another woman’s bed
Old men are impossible. Implausible.
They pass by mirrors knowing full well how the imperfect image reflected there must not be glanced at lest they be judged vain. Therefore also imperfect. This is their blindness.
Though they age and sag and bend down before the burgeoning weight of gravity, and despite their bodys’ grievances they sport themselves vainly amongst the youth and strive for places that are only awarded them through charity, and patience, and the perceived notion that to honour old men is to honour old times.
Times forgotten, dismembered and buried – sunk beneath the weight of marble and edifice.
Warriewood is not a long beach, and it sits beneath an ampitheatre of homes that accept the onshore south ‘easters and the septic stink they carry ashore from the offshore sewer pipes.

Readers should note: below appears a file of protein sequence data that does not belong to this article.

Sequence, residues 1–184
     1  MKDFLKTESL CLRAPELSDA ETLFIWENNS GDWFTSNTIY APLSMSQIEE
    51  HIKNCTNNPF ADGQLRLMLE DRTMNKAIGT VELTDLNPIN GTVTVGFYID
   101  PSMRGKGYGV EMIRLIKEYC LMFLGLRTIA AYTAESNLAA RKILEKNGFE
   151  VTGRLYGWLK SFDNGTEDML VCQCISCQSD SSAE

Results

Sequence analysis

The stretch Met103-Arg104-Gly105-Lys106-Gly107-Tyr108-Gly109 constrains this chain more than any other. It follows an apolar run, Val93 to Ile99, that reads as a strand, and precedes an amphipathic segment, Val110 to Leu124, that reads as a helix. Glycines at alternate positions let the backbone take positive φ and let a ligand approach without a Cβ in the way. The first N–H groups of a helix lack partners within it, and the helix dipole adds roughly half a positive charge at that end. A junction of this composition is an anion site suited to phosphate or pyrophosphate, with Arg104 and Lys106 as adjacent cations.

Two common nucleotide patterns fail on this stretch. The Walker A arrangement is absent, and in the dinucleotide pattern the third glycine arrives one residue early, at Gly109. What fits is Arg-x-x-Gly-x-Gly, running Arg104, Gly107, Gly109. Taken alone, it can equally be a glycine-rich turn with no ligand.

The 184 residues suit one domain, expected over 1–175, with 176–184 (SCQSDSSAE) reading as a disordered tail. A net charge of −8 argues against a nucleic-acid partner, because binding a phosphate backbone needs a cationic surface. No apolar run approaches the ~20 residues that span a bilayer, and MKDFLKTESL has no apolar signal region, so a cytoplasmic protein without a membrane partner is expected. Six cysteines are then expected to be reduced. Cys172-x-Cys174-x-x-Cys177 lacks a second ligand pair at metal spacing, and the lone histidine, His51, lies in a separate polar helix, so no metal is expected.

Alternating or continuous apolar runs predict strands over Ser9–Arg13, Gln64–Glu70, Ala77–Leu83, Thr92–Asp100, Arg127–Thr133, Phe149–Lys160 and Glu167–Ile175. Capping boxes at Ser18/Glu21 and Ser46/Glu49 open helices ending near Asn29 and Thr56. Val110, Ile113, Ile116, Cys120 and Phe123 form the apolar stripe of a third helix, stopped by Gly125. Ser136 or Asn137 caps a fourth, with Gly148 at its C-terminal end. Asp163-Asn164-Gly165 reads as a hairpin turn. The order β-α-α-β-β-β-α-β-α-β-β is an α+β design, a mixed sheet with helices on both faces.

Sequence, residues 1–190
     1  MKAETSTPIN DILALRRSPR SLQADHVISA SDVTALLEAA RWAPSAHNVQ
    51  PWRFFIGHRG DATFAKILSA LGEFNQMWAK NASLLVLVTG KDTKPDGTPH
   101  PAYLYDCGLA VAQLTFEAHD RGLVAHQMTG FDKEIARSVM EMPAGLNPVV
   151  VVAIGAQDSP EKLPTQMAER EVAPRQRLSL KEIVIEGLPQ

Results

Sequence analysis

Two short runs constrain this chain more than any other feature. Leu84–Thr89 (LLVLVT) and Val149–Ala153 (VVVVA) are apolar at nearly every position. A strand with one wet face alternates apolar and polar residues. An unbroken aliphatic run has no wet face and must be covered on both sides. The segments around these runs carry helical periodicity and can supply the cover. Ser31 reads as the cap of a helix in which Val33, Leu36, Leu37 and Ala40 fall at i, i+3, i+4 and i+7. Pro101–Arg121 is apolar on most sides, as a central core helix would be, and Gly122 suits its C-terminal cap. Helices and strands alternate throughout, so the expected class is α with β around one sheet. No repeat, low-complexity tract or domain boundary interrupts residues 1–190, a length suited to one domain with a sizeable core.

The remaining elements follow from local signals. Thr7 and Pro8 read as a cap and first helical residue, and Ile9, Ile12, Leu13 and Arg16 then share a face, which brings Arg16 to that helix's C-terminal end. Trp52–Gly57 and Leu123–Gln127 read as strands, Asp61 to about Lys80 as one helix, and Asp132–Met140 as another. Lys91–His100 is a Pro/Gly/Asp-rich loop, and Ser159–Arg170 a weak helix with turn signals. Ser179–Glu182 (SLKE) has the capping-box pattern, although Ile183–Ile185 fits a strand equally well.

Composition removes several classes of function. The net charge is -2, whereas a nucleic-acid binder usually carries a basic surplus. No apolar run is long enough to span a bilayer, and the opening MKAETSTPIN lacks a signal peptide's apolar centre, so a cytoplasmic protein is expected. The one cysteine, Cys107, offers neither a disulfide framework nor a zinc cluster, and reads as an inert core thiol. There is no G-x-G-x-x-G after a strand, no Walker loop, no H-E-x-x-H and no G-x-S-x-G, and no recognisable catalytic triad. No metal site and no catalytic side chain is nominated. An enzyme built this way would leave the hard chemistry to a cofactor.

Five laps, slow jog. The old man drifts down and back in an easy lope – he’s here every day, every day at the same time and every day he runs the five laps –
She came down the steep stairway at the southern end, the young woman, and she walked directly to the sea and across the the old man’s path. They almost collided.
He ran through her air, and he took up his breath, and he filled his lungs with that rare fragrance, that untouchable gift.
Minutes from her bed.
Header pic by imogene cunningham – the unmade bed.